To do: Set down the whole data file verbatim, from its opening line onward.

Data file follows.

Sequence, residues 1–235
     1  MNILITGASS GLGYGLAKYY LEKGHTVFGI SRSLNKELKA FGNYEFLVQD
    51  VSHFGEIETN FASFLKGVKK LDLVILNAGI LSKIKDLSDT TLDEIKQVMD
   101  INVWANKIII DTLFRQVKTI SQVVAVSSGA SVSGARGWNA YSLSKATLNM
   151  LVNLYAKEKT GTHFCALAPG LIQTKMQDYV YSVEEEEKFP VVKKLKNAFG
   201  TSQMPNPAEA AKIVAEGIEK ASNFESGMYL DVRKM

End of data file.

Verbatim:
Sequence, residues 1–235
     1  MNILITGASS GLGYGLAKYY LEKGHTVFGI SRSLNKELKA FGNYEFLVQD
    51  VSHFGEIETN FASFLKGVKK LDLVILNAGI LSKIKDLSDT TLDEIKQVMD
   101  INVWANKIII DTLFRQVKTI SQVVAVSSGA SVSGARGWNA YSLSKATLNM
   151  LVNLYAKEKT GTHFCALAPG LIQTKMQDYV YSVEEEEKFP VVKKLKNAFG
   201  TSQMPNPAEA AKIVAEGIEK ASNFESGMYL DVRKM